Nuclear power accounts for 30 percent of the power in the Czech Republic with four VVER-440 units. Two VVER-1000 units are being constructed with Westinghouse instrumentation and control systems in a project valued at more than (US)$200 million. According to industry sources, Westinghouse will be the first Western company to supply the VVER fuel for these units, as the former U.S.S.R. had previously supplied all fuel.
There are 20 plants with a capacity exceeding 100 MW. Coal-fired plants produce 92.4 percent of the country`s power, with the remaining 7.6 percent coming from a combination of oil, natural gas, biomass and wind. Most of the coal-fired production is from large central heat and power (CHP) plants. The Danish Energy Agency reports that small-scale CHP plants use less fuel and produce fewer harmful emissions. Denmark has a history of tough environmental laws and a favorable climate which have combined to bring advances in wind technology. The Danish energy policy aims to reduce consumption by 15 percent and CO2 emissions by 20 percent by the year 2005.
A former Soviet satellite, this country is expected to experience gross domestic product growth rates close to 10 percent. Privatization of the country`s industry is 90 percent complete and the country is working to join the European Union. According to the CSR study, Eesti Energia plans to install a distributed control system with an estimated value of (US)$10 million. Eesti is also planning three separate outage projects with a combined valuation of (US)$11 million.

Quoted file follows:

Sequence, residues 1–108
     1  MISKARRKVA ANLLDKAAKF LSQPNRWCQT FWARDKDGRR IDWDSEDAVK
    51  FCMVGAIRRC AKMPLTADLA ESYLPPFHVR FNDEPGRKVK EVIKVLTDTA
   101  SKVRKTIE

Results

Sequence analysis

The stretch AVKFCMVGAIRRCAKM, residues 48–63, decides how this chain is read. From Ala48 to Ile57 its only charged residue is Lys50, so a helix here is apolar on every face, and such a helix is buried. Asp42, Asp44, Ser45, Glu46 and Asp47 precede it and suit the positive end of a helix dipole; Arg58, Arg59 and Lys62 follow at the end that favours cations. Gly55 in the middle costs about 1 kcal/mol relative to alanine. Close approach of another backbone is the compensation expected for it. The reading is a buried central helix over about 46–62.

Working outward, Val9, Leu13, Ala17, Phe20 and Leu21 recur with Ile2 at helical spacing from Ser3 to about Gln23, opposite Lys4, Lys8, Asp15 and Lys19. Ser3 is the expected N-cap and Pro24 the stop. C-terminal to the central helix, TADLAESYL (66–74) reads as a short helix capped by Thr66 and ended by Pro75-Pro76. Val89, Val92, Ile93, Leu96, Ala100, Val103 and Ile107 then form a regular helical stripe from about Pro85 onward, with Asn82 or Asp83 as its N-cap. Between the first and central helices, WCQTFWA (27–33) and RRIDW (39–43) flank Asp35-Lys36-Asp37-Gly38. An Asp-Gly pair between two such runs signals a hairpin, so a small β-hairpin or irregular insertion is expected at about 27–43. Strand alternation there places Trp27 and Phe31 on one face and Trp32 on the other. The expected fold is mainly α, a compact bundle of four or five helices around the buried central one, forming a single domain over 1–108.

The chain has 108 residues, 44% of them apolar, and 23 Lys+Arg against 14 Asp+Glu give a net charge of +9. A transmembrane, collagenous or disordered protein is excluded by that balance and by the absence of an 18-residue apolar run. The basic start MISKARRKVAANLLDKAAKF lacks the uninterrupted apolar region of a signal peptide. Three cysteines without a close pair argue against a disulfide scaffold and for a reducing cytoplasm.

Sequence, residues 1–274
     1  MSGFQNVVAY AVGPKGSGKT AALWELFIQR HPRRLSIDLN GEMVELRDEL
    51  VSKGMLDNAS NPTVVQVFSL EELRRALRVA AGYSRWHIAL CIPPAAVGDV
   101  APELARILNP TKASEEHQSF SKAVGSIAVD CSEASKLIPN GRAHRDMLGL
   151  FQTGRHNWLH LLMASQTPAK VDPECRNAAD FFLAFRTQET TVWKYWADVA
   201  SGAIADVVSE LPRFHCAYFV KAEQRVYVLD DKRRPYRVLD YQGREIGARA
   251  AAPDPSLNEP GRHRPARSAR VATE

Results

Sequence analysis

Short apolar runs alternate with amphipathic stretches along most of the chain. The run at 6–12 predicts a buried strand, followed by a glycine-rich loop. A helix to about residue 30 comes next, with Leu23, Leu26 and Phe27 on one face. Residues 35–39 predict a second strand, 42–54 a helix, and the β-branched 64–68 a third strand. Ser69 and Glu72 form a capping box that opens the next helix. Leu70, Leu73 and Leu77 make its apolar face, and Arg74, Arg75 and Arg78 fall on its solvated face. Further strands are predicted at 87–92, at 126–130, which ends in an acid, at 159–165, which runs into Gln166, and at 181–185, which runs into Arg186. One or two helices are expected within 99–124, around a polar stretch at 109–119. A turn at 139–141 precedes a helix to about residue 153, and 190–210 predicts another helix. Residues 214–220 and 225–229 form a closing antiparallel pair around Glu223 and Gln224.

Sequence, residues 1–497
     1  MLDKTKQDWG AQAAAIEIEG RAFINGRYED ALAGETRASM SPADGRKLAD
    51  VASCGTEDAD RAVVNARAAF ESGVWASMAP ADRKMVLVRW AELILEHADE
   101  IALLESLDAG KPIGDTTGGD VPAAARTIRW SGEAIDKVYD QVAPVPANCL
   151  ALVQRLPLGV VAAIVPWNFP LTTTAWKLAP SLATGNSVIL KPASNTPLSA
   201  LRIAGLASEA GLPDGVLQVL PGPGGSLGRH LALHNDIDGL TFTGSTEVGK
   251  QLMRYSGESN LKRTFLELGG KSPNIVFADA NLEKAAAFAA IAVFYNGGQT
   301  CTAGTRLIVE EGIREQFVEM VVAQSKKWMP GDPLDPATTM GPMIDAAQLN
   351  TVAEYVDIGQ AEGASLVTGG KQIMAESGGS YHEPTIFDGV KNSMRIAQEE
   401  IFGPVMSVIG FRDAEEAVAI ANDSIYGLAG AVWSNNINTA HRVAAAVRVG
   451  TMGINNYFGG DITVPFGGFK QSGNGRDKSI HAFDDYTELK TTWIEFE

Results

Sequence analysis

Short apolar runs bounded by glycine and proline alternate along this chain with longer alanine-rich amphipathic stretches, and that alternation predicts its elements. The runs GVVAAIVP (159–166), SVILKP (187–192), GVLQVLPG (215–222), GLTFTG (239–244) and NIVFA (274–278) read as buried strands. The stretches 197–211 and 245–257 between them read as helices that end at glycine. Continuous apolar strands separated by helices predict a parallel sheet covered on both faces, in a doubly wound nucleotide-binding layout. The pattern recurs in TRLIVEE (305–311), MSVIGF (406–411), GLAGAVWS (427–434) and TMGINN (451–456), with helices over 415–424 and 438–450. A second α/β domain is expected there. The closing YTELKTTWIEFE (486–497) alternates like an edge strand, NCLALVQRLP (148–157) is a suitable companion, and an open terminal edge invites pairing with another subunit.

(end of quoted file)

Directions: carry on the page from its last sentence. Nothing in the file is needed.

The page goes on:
This country is moving toward a free energy market, and Finnish producers and distributors are working to win industrial and municipal clients outside their previous districts. The report states electricity prices in the country are predicted to fall due to competition. As a consequence, producers and distributors will have to modernize to compete, and substantial amounts of control, instrumentation and metering equipment will be needed as the free market progresses.
France is reliant on nuclear energy, but Electricité de France, the national electricity company, has announced that it will not place any more nuclear plant orders before the year 2000. The country now has 56 reactors, plus four more under construction. All are PWRs. Improvements to increase the efficiency of existing plants are expected in the next few years, along with reorganization of the maintenance and engineering services of the utility. France recently passed a law requiring stringent use of the French language in all business and governmental transactions.
There are approximately 600 power plants in Germany, mostly fossil-fueled. Coal accounts for 57 percent; nuclear, 32 percent; gas, 5 percent; hydro, 2 percent; wind and solar, 1 percent; and others, 3 percent. Most German power plants are equipped with control systems, so few new acquisitions are planned, but numerous projects are scheduled to upgrade and retrofit existing equipment. Several large projects have been canceled or delayed due to an economic downturn in the country. Lower emissions standards are in effect, and a majority of recent utility investments are tied to clean air compliance. Continuous emissions monitoring is mandated in this country for all large fossil fuel plants.
Safety awareness and legal requirements, along with regular government inspections, have produced well-defined maintenance outage programs. Most maintenance is contracted to the equipment`s manufacturer, with only small-scale inspections or repairs performed by plant personnel. Vendors from Belgium and the Netherlands are filling this lucrative maintenance market, according to the report.
Electricity generation and distribution are organized in a two-tier system. Magyar Villamos Muvek is nearly 100 percent state-owned and generates 97 percent of the country`s power. The lower tier which produces the other 3 percent is comprised of a group of independent power generators. The government-owned utility coordinates production and some distribution, along with operating the transmission network. Hungary`s power is 46.7 percent nuclear, 30.9 percent coal, 11.6 percent oil and 10.8 percent gas.